They’re set to be the first billion-dollar boy band in history. Sophie Herdman meets the lads behind the hype
Hidden away at a secret location, five boys and a ginger-haired middle-aged man are sitting at a table.
To many, the boys are instantly recognisable as Liam Payne, 19, Harry Styles, 19, Niall Horan, 19, Zayn Malik, 20, and Louis Tomlinson, 21. Or, in other words, One Direction.
The middle-aged man is American documentary-maker Morgan Spurlock of Super Size Me fame.
He’s the lucky person tasked with making the highly-anticipated One Direction film, This Is Us.
As you’d expect, the film is 93 minutes of pure, unadulterated One Direction. It features live performances from their worldwide tour, footage of the boys backstage, in their hotel rooms, on the tour bus and, when not mobbed by hordes of fans, exploring the many cities they visit. “These are really intimate moments,” says Spurlock, 42.
The boys, who are tipped to be the first billion-dollar boy band in history, admit they’re a little bit anxious about the release of their first film.
“It’s so nerve-racking,” says Payne. Styles adds: “I don’t think we realised how hard it would be to get it cut, when you have to lose things that you want to put in.”
Nervous they might be, but deep down the boys must know that when it comes to ticket sales, they’ve got nothing to worry about.
They have a huge fan base, including four million devotees who call themselves ‘Directioners’ and each spend an average £1,000 following the band around the world.
The recent premiere for This Is Us was a classic example of their dedication: more than 300 Directioners arrived a day early, camping in London’s Leicester Square overnight. By the time the premiere started, 2,000 fans had turned up, all hoping to catch a glimpse of the boys.
“We think the fans are amazing. The level of dedication they show is second to none – they’re the best fans in the world,” says Payne.
Styles adds that their fans are the reason they decided to make the film. “With social media and 10-minute interviews, there’s only so much you can get across in terms of your personality, so this is a way for us to show what we’re like, for the fans to see,” he says.
So what is it that Directioners love so much? Interviewed in the movie, some of the screaming girls reveal that the band makes them happy – and that they sing the things that boys never say to them in real life.
Indeed, lines like “You don’t know you’re beautiful, and that’s what makes you beautiful” and “You’ll never love yourself half as much as I love you” are lyrical gold for the teenage market.
One Direction have had a dedicated following since their inception on 2010’s X Factor, when the five schoolboys, who’d all auditioned as solo artists, were brought together by Simon Cowell.
Despite only coming third in the series, they’ve had unprecedented success since, even in America, a famously tough market to crack.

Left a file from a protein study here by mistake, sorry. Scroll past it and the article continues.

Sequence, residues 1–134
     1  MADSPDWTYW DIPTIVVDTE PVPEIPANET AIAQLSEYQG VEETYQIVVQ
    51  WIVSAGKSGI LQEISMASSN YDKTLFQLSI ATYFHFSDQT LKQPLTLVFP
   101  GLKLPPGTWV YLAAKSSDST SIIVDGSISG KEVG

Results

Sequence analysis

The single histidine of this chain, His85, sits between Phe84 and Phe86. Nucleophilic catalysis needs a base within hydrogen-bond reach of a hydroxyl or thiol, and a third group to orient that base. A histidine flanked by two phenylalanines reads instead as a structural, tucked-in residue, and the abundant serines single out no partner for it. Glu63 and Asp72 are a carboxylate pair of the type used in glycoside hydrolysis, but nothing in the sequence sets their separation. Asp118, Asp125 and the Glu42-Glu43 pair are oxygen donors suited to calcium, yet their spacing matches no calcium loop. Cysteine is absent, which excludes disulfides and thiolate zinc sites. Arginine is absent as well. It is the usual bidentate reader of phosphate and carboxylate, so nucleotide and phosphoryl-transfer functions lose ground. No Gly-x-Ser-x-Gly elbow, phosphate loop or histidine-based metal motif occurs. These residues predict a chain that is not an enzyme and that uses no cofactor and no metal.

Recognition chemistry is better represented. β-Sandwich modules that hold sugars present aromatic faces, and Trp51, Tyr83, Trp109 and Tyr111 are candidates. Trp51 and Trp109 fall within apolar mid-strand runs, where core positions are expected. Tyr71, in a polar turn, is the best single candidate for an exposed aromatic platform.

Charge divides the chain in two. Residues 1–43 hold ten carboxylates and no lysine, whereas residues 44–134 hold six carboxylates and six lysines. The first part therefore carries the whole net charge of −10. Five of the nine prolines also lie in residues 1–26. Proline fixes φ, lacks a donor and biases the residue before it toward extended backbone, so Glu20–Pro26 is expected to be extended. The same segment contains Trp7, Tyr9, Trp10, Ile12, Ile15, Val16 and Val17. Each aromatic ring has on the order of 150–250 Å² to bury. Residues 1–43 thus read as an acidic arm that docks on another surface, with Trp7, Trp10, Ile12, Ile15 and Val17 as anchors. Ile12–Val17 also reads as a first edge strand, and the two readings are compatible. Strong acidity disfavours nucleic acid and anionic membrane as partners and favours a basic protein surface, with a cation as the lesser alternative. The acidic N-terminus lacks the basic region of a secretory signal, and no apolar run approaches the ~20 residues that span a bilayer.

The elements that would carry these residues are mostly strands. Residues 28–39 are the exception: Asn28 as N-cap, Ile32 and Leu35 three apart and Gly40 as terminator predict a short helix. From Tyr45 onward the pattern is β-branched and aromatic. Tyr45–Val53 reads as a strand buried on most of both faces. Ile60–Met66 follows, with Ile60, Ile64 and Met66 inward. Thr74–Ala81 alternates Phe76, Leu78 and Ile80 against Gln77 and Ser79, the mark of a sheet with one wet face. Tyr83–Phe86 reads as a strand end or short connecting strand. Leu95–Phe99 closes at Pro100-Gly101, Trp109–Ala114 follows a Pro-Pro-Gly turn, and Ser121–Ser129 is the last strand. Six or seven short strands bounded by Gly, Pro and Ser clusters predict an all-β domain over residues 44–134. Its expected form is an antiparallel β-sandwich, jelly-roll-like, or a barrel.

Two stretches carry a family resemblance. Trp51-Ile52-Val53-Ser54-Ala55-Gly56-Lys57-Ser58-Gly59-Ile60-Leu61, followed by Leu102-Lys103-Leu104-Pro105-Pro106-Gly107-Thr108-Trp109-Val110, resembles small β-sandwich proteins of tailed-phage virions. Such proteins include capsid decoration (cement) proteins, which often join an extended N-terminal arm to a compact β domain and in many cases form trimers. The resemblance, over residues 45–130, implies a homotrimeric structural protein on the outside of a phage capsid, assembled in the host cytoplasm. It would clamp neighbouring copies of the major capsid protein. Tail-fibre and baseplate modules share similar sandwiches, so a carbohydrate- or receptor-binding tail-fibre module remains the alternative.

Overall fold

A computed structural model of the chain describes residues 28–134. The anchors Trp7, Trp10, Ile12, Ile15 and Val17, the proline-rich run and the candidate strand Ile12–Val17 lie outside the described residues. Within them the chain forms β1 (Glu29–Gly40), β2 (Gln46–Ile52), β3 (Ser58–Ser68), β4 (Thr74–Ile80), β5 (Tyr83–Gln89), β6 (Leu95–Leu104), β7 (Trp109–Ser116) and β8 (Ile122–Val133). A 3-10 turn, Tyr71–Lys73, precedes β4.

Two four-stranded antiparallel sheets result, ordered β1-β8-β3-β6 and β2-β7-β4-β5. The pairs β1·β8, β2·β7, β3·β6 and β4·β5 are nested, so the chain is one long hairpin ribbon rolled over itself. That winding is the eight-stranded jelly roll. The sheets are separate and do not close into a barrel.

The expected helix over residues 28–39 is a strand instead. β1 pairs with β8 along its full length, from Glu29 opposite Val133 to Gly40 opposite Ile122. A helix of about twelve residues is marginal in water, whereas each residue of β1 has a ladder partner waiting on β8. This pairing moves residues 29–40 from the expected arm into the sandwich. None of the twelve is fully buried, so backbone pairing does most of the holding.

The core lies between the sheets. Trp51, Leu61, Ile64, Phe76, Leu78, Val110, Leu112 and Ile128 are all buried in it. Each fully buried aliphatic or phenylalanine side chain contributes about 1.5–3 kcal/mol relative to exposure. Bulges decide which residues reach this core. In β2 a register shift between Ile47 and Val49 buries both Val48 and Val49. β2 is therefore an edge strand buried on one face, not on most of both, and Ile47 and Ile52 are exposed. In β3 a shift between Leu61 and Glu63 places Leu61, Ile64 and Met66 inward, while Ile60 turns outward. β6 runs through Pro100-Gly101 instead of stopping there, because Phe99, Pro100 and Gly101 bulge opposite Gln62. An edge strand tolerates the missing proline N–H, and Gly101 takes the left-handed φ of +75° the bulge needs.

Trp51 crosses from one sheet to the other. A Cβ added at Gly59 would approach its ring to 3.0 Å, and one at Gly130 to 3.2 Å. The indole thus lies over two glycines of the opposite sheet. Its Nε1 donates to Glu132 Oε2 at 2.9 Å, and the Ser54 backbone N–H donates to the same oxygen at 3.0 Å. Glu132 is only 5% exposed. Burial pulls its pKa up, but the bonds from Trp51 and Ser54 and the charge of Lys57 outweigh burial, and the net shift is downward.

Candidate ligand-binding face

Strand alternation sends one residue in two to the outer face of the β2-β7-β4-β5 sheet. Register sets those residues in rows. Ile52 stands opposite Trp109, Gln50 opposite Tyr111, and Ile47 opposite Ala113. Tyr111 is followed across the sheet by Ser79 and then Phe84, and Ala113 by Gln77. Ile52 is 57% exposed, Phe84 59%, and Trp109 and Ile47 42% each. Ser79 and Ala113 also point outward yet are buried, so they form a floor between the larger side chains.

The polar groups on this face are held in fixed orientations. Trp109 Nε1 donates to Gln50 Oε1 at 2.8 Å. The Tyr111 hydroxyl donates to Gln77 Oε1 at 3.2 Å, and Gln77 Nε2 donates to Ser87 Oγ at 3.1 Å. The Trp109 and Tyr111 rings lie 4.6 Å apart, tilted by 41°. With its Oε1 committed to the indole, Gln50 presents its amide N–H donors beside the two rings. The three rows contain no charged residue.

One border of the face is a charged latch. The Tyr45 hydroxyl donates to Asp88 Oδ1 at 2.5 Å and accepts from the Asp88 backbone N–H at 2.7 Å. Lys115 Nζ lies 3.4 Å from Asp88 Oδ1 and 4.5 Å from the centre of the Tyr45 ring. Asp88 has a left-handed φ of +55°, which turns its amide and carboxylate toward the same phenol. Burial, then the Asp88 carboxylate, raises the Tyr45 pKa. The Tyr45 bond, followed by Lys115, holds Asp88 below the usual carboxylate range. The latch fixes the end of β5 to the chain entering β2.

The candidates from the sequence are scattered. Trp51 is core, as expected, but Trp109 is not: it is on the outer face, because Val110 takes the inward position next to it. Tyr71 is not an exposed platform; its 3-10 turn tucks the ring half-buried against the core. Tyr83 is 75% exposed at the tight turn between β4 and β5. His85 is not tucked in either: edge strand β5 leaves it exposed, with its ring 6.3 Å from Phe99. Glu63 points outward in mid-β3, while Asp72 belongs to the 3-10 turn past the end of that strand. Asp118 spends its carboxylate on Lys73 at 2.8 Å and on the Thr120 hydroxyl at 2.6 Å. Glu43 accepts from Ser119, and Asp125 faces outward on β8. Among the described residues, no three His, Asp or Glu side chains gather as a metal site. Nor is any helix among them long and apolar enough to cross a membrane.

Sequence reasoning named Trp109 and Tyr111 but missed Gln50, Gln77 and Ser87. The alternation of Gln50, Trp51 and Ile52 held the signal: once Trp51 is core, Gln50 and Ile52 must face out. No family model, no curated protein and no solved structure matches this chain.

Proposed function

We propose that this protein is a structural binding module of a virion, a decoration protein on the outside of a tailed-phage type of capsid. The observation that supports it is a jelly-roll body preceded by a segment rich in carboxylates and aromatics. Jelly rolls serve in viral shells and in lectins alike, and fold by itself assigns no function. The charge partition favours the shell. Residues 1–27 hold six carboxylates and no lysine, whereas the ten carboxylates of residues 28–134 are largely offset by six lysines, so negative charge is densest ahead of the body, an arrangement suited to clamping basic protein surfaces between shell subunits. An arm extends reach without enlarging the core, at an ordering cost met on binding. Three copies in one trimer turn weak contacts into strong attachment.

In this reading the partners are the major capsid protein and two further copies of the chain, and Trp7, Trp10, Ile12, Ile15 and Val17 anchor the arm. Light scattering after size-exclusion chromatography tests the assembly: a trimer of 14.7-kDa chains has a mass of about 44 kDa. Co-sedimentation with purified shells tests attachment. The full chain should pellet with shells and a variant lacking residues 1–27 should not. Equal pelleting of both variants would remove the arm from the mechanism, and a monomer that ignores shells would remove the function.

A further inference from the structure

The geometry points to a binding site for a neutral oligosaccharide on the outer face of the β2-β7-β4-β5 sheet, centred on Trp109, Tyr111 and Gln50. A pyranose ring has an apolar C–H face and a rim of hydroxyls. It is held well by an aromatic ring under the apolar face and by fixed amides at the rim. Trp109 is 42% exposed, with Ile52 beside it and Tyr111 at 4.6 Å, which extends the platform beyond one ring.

Their two albums, Up All Night and Take Me Home, have broken records across the globe, while Live While We’re Young, a track from the latter album, reached the top 10 in almost every country it charted in.
Of course, fame comes with its costs and the boys constantly appear in tabloids and gossip magazines.
“It’s better for us to ignore things like that and it’s easy for us to do it,” says Tomlinson. Another downside to fame, Horan points out, is that they don’t go home very often.
Although the film skips over a lot of details (for example, no girlfriends appear on screen), the effect the boys’ fame has had on their families is well documented.
Many of their mothers are shown, teary-eyed, explaining that their sons went off to an audition aged 16 and have barely been back since.
And it’s not just the mums. One emotional scene sees Payne’s father explaining how he feels about ‘losing’ his son.
Payne admitted that it was difficult to watch, saying: “He’s always so happy when I see him and happy to have me home. To actually see what he’s like when I’m not there is a bit mad.”
Tomlinson points out that a lot of families parents know their children will go off to university aged 18, but for them it was different.
“For us, it happened out of the blue. Our mums had to wave goodbye to us on The X Factor. It was a lot for them to take in at first,” he says.
It’s moments like these, both in the film and in person, that reveal that, really, the boys are just an ordinary bunch of lads caught up in an extraordinary situation.
This message is repeated often during the documentary, but it’s something Spurlock believes.
“Part of the reason I think they’ve been so successful is because they’re so incredibly grounded,” he says.
“There is no air of superiority, no air of success. They’re the same five guys they were three years ago.
“I challenge you to go to this movie and not like them after the film is done.”